PS. Unfortunately the Rivarossi are all sold out, you have to look on the used market, or wait if the new Hornby Rivarossi will put these in their catalogue.
– Maurizio Melis, Italy
For ultra small US SG switchers, and industrial layouts, the allegedly forthcoming “Trackmobile” by Factory Direct Trains looks promising.
– Prof Klyzlr, Sydney Australia
UNITED KINGDOM. New Bachman “Junior” range locos, dcc ready and run extremely well out of the box, detail up or convert. Cheap as well!
– Don Thomson, Otley UK
Suitable Couplers for Micros
There are many different types of couplers in modelrailwayland. Some are more suited for use on small and micro layouts then others.
European manufacturers each had, and still have, their own coupler systems. The result is incompatability. The MOROP standardized all for political reasons, but it also meant that manufacturers began making replacement couplers for models from their competitors. Starting in the late 1980s, consumers demanded more and more prototype fidelity, including closely coupled trains and easier shunting. Today, a meriad of couplers are available.
In North America, the prototype quickly settled on a standard coupler. It evolved over the years, but the principle remains the same and so does their compatability.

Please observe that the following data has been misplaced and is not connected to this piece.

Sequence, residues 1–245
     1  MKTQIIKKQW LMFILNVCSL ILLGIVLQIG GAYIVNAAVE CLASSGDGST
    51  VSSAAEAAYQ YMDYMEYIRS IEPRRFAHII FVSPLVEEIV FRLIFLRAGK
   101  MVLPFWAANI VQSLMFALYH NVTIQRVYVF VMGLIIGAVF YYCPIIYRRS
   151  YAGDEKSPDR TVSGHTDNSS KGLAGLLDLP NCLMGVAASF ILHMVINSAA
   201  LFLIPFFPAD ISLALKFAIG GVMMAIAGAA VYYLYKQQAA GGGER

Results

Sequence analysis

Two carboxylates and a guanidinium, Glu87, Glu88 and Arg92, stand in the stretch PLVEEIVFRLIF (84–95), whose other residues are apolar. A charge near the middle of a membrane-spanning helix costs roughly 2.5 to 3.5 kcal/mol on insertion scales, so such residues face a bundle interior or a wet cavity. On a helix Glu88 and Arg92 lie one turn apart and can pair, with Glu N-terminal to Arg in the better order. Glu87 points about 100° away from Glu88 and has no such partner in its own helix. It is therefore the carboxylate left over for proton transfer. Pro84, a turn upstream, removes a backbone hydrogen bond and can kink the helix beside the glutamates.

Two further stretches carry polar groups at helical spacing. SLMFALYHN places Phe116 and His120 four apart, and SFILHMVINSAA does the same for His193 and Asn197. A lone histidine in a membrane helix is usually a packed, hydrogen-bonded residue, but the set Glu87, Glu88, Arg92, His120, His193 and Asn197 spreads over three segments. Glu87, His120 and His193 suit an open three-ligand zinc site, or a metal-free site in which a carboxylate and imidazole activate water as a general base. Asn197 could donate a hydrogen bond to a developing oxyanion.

Kadee was the first to make a coupler that resembled the prototype. They developed magnetic and delayed-magnetic operation, making shunting very easy. Kadees and their compatible competitors are now used almost universally on North American prototype models.
Sergent looked at the prototype and decided that he could make something more prototypical then the Kadee products. His couplers are used within the Proto:87 community, who strive to a prototypical model with no (or very small) compromises. Shunting can be fun, but it’s at least prototypical.
Because of the original Kadee patents a number of manufacturers developed their own incompatable horn-hook couplers for the US market. After the expiration of the Kadee patents these couplers have lost their use and manufacturers now either add Kadee style couplers on their products or supply no couplers at all.
– Vincent Wesstein
Add McHenry/Bachmann EasyMate to these two manufactures. McHenry makes both. These couplers have the large loop hole found on many HO cars. They come in a variety of shank lengths and shank position on the coupler head.
The difference between these and the Kadee #5 (20, 30, 40 -series) is the centering springs are whiskers facing toward the coupler head. This allows more room behind the mounting boss for truck clearance.
– Glenn Hazel